Climate

NASA Finds Heavy Rain in New Tropical Cyclone Hilda
December 29, 2017 10:10 AM - NASA / Goddard Space Flight Center

As Tropical Cyclone Hilda was coming together in the Southern Indian Ocean the GPM satellite analyzed its rainfall from space. 

On December 26, 2017 at 3:06 a.m. EST (0806 UTC) the Global Precipitation Measurement mission or GPM core observatory satellite flew above northwestern Australia and measured rainfall as Tropical Cyclone Hilda was forming along the coast

Algae on Greenland Ice Sheet Significantly Hasten Its Melting
December 28, 2017 11:21 AM - Yale Environment 360

Naturally occurring algae on Greenland’s massive ice sheet absorb large amounts of the sun’s energy and speed up the melting of the ice sheet even more than black carbon and mineral dust, according to a new study.

Charcoal remains could accelerate CO2 emissions after forest fires
December 28, 2017 09:53 AM - Hokkaido University

Charcoal remains after a forest fire help decompose fine roots in the soil, potentially accelerating CO2 emissions in boreal forests.

Climate change: Self-enhancing effect cannot be explained by soil animals
December 21, 2017 04:00 PM - German Centre for Integrative Biodiversity Research (iDiv) Halle-Jena-Leipzig

When the soil warms up, it releases more carbon dioxide (CO2) – an effect that further fuels climate change. Until now, it had been assumed that the reason for this was mainly due to the presence of small soil animals and microorganisms that would eat and breathe more in warmer temperatures. However, a new study in Nature Climate Change has shown that this is not the case. Quite the contrary: If warmth is accompanied by drought, the soil animals eat even less. In order to improve the predictive power of climate models, it is now crucial to understand the biological processes in the soil better, say the scientists.

Climate Change Has Doubled Snowfall Around North America's Highest Peak
December 21, 2017 09:23 AM - Yale Environment 360

The amount of snow falling in Alaska’s Denali National Park, home to North America’s tallest mountain, has more than doubled over the past 150 years, according to a new study.

Climate Change Has Doubled Snowfall Around North America's Highest Peak
December 21, 2017 09:23 AM - Yale Environment 360

The amount of snow falling in Alaska’s Denali National Park, home to North America’s tallest mountain, has more than doubled over the past 150 years, according to a new study.

Continued Emissions May Cause Global North-to-South Shift in Wind Power By End of Century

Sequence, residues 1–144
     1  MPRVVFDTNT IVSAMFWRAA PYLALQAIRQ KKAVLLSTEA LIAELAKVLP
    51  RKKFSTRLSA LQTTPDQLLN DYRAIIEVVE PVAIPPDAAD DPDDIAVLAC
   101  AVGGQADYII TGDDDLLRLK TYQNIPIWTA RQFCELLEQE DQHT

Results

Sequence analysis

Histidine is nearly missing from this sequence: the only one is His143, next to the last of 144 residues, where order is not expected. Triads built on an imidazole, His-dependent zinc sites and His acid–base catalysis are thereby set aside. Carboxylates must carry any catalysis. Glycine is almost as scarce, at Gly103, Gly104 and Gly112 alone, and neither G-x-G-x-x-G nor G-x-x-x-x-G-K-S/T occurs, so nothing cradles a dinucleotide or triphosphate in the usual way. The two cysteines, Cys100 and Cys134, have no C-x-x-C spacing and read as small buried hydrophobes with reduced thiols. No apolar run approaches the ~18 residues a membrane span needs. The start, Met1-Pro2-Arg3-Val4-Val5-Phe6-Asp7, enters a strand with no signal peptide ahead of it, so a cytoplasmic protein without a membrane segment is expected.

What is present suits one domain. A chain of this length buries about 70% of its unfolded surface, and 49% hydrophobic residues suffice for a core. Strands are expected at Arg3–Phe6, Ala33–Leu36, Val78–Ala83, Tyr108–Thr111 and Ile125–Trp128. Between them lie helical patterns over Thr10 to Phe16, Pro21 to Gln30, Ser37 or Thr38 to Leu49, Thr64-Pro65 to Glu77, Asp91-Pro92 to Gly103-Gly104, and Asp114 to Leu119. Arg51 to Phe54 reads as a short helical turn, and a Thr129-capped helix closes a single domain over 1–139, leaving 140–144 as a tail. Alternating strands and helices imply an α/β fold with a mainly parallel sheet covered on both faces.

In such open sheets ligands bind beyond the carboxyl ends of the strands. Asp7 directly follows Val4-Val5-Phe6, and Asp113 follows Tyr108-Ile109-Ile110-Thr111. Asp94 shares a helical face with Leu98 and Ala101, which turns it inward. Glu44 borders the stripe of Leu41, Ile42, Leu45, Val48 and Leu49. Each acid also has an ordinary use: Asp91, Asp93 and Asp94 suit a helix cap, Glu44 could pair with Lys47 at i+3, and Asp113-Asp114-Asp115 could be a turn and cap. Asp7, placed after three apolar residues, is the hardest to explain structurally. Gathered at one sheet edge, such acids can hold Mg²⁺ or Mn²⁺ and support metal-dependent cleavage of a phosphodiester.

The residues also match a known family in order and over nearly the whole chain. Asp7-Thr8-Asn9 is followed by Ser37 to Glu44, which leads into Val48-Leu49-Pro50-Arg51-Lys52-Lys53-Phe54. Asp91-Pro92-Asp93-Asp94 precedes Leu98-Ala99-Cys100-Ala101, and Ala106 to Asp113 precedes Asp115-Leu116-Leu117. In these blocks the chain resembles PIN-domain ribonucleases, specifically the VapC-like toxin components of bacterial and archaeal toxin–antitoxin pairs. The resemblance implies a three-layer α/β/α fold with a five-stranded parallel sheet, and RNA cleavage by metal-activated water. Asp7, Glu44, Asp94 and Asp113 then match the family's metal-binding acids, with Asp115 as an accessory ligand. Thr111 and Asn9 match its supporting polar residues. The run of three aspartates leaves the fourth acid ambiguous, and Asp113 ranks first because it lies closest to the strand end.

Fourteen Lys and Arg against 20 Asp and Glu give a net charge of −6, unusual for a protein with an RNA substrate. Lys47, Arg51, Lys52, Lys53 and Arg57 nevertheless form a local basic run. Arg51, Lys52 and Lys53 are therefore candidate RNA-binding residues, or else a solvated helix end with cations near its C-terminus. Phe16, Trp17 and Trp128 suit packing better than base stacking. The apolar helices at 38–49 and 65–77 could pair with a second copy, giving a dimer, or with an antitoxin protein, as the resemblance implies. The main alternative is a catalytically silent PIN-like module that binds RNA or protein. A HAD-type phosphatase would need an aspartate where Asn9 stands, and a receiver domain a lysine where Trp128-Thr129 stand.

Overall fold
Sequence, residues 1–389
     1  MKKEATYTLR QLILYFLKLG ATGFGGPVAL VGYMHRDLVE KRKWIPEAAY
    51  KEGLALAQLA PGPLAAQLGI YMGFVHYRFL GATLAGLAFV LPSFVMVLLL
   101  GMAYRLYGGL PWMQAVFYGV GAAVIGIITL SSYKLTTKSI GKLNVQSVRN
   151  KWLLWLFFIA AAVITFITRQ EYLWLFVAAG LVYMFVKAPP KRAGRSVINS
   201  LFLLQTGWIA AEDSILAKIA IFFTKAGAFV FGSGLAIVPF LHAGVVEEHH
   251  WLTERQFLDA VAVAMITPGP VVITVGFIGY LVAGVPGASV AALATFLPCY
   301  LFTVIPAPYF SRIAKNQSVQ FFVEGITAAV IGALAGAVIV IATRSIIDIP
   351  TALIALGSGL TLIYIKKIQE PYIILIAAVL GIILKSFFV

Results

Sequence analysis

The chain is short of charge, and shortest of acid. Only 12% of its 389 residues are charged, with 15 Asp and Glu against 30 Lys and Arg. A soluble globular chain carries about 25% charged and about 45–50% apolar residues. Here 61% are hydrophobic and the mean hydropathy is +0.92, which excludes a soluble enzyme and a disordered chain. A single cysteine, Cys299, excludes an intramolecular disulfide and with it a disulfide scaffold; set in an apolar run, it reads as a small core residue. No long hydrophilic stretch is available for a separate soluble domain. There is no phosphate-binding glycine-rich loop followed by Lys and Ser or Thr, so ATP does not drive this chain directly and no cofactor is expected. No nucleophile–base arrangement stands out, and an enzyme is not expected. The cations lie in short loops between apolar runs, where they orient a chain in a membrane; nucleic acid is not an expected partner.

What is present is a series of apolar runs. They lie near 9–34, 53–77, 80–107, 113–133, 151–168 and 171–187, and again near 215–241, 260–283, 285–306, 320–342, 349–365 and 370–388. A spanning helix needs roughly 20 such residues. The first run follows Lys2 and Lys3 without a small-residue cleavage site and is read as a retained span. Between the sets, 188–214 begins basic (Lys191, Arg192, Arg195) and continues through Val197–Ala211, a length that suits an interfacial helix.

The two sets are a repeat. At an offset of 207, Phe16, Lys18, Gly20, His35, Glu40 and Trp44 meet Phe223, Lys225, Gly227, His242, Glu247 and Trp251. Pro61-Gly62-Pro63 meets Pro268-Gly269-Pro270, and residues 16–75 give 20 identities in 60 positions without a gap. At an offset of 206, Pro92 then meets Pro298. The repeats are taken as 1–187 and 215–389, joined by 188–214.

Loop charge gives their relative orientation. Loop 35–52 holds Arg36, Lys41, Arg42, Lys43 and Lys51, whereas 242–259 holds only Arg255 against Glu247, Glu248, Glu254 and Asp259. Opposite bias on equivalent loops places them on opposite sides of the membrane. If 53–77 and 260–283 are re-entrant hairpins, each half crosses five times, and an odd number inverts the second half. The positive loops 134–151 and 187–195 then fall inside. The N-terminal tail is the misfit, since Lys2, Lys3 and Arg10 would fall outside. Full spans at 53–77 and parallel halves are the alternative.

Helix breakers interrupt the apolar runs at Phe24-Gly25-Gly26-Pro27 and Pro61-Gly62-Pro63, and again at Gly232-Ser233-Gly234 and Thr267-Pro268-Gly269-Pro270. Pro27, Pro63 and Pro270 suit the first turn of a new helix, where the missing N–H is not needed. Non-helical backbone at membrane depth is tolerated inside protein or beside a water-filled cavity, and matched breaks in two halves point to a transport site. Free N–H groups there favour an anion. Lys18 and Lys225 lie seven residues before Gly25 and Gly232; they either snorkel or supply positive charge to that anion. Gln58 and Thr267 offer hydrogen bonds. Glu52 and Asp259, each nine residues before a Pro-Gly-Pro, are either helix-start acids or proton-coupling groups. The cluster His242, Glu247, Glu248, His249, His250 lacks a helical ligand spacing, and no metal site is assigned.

December 21, 2017 08:03 AM - University of Colorado - Boulder

 In the next century, wind resources may decrease in many regions of the Northern Hemisphere and could sharply increase in some hotspot regions down south, according to a study by University of Colorado Boulder researchers. The first-of-its-kind study predicting how global wind power may shift with climate change appears today in Nature Geoscience.

Study opens window on meltwater from icebergs
December 21, 2017 08:03 AM - University of Oregon

Surface water conditions in Greenland’s fjords and in the northern Atlantic Ocean are dictated by what’s going on deep below the surface next to the massive Greenland Ice Sheet, UO-led research has found.

Breakaway icebergs, according to research findings appearing online Dec. 4 ahead of publication in the journal Nature Geoscience, are the biggest source of freshwater entering the ocean in key areas around Greenland. And the timing and location of meltwater are important factors that should be included in ocean modeling, report the paper’s six co-authors.

China Announces Details of New Carbon Trading Market
December 20, 2017 11:30 AM - Yale Environment 360

China has released plans to create the world’s largest carbon emissions trading scheme, several news outlets reported. The market will initially be focused on the power sector, which produced almost half of the country’s greenhouse gas emissions last year, and will encompass 1,700 energy suppliers producing more than 3 billion tons of CO2 annually, according to Reuters.

Texas A&M Team Making Models To Predict Droughts
December 20, 2017 11:28 AM - Leslie Lee, Texas A&M University

Drought-predicting computer models are not made just so that scientists can say “I told you so” when your favorite lake runs low. From agriculture, to infrastructure, to tourism — major sectors of the economy need a heads-up on what weather conditions are coming down the pipe.

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